Slice of LIFE: LIFE magazine veteran shares story
May 26, 2011
FORT JACKSON, S.C. -- Fort Jackson supports about 46,000 retirees who make their home in the Midlands. And while the post provides numerous opportunities for retirees to gather, such as last week’s Retiree Appreciation Days event, it is sometimes difficult to capture each of their unique stories.
Retired Col. Bobby Bacon is just one such retiree who has a story to tell; a story that led him to being in one of the world’s most famous photographs to the hills of Fort Jackson.
In 1964, as a captain, he was sent on his first tour of duty in Vietnam, where he served as an adviser to a South Vietnamese battalion. While leading troops through the Mekong Delta in the spring of that year, famed war photographer Larry Burrow took a photo of Bacon that soon after graced the cover of LIFE magazine.
Later, during a stint as protocol officer for Army chiefs of staff Gen. Harold Johnson and Gen. William Westmoreland, he was involved in organizing the funerals of Sen. Robert Kennedy in 1968 and former president Dwight Eisenhower in 1969.
One of his most influential assignments though, may have been as commander of Fort Jackson’s 2nd Infantry Brigade from January 1976 to July 1977. His brigade was selected by TRADOC to pilot a program to test the possibility of gender-integrated Basic Combat Training. Up to that point, the Army trained women separately and Army trained women separately and differently from men.
Bacon recalled that some of the drill sergeants and cadre were not initially enthusiastic about the prospects.
“It was kind of interesting. There were pros and cons. One of the things was that all the women were high school graduates when they came in. And (a lot of) the guys were Category 4s (without high school diploma),” he said.
“You’d have things like assembly and disassembly of a rifle, ... verbal tests and things like that " we had all the women acing these tests, and (some of) the guys just weren’t equipped to get it all. ... But on the other side, the physical side of it, a lot of women who came in were having difficulty with the physical fitness.”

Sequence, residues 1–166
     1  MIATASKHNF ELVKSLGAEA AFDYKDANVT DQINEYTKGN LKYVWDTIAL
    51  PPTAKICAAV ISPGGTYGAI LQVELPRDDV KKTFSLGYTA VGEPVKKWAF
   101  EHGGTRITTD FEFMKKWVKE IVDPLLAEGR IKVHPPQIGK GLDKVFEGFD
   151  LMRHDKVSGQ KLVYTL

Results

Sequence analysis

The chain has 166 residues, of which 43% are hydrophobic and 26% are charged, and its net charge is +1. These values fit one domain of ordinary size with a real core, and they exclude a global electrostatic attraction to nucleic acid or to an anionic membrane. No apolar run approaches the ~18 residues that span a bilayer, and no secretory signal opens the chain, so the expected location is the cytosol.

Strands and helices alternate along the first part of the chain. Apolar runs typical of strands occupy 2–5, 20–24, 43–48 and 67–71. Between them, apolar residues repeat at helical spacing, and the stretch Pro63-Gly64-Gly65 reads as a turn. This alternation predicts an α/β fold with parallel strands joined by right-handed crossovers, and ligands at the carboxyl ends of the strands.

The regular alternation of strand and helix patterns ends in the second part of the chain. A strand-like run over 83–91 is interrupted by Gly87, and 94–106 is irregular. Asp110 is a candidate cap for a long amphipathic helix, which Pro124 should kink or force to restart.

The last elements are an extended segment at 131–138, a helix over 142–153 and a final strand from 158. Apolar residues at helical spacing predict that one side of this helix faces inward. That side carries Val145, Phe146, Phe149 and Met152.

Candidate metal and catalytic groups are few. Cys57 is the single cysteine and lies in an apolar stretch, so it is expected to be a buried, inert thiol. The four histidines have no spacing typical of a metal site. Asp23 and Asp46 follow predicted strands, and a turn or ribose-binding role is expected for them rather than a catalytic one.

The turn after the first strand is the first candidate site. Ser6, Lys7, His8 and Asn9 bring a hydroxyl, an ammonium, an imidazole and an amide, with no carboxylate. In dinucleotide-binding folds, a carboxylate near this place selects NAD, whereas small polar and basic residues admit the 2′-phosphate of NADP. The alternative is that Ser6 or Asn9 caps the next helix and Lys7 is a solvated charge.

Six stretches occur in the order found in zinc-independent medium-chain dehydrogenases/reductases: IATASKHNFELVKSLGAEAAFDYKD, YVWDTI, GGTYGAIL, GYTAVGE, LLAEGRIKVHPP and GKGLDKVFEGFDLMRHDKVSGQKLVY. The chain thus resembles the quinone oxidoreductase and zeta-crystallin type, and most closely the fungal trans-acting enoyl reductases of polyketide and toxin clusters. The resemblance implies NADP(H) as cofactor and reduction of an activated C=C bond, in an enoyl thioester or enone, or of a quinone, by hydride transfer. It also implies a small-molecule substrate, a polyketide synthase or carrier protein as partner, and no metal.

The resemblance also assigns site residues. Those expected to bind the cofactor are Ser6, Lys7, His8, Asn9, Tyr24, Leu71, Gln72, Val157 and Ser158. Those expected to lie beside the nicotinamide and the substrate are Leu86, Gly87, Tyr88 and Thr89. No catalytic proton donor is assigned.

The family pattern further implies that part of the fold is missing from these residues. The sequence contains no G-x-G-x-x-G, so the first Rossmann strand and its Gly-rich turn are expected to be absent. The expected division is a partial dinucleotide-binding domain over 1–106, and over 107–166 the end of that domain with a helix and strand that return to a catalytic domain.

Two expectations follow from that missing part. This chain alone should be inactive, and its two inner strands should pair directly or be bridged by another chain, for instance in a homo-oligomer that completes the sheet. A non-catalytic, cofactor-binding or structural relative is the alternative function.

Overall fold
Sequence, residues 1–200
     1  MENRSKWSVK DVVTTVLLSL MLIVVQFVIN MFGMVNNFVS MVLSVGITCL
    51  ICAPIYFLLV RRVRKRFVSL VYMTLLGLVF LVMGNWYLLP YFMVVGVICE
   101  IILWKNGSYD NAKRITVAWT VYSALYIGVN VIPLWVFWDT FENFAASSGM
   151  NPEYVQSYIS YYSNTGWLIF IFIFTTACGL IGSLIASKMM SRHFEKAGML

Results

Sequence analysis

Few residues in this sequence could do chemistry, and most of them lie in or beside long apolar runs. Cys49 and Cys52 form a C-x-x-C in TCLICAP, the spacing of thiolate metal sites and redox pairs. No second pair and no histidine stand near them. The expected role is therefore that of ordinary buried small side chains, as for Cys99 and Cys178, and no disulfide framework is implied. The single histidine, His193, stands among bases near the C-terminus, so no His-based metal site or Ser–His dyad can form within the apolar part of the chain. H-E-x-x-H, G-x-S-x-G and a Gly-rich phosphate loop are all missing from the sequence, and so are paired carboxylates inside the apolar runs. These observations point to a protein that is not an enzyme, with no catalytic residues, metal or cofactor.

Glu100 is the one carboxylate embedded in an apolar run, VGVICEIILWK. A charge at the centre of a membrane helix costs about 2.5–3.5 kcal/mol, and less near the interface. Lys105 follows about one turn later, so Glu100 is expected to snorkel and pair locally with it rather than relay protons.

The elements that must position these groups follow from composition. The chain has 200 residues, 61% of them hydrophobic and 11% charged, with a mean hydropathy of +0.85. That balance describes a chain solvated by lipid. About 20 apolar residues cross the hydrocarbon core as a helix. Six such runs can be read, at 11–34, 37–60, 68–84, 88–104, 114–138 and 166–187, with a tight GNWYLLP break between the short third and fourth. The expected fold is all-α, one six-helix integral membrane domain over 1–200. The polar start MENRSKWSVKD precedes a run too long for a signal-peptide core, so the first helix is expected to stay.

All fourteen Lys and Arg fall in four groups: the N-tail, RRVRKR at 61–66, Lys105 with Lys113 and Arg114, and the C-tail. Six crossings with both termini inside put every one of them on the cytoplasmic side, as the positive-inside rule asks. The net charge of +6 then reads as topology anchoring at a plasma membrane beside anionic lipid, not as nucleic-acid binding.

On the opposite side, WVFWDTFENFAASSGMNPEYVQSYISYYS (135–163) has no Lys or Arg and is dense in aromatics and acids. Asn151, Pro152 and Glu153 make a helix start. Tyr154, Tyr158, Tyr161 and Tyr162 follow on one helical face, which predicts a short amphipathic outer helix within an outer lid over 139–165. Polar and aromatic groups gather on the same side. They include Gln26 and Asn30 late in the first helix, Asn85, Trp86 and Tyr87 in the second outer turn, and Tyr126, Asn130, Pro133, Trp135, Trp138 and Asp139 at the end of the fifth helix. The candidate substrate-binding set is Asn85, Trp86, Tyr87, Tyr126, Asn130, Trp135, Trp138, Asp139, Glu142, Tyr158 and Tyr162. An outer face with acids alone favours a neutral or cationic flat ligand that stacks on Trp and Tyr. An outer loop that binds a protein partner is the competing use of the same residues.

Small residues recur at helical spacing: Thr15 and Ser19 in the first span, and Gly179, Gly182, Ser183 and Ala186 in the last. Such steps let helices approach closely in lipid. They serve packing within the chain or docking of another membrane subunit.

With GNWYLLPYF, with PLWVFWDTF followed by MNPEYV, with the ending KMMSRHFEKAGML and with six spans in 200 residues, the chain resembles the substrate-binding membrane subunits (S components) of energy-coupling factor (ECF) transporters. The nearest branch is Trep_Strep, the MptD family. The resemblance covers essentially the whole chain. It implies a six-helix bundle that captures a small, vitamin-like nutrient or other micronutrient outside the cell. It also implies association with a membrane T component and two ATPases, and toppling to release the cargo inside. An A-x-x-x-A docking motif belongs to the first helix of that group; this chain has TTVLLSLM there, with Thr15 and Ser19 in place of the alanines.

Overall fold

The Army deemed the pilot a success and started implementing integrated basic training in February 1977.
“It was a real smart move, a real good move. And I think both genders benefit from it,” Bacon said.
Bacon’s first memory of Fort Jackson dates back to 1942 when he was 8 and his father was training to deploy to World War II Europe.
“(The country) was so great in so many respects, because everybody was totally focused and gave everything they could to the war effort, to the Soldiers. I would go with my mother to the Red Cross and wrap bandages for hours and hours and hours,” Bacon said.
He said he remembers riding his bicycle on the installation and going for a swim in what is now Heise Pond.
“The lifeguards were German prisoners of war,” he said. “Fort Jackson would remind me of what a summer campground would be for kids these days.
Bacon’s father and brother both attended the Military Academy at West Point, and for Bobby Bacon, following their footsteps was a logical choice.
“I never thought about doing anything else or going to any other college,” he said.
He graduated West Point with a bachelor’s of science in communications in 1956, and was a classmate of Norman Schwarzkopf, who later obtained the rank of general and served as commander of U.S. Central Command during the Gulf War in 1991.
Today, Bobby Bacon’s primary connection to Fort Jackson is through his wife, Sun, who works at the post’s Clothing Initial Issue Point.
Robin Bacon, one of Bobby’s three sons, said he believes his father was offered assignments that would have advanced his career further, but instead chose to keep his family rooted to allow his children to stay in the same schools. Robin, who works as a teacher and football coach at Spring Valley High School, said he wanted to uphold the family tradition and serve in the Army, but was unable to do so because of vision impairment.
He said that even though growing up as a military child included moving a lot and leaving friends behind, he is proud of his father’s service.
“We really need to reflect on all the positive things the military has done. ... The many things we’ve been granted are based on the blood of our service members overseas,” he said, adding that he appreciates events, such as last weekend’s Retiree Appreciation Days and Armed Forces Day, to honor the military. “I think it’s fantastic. ... The sacrifices these people make " if you’re a military brat you understand these things.”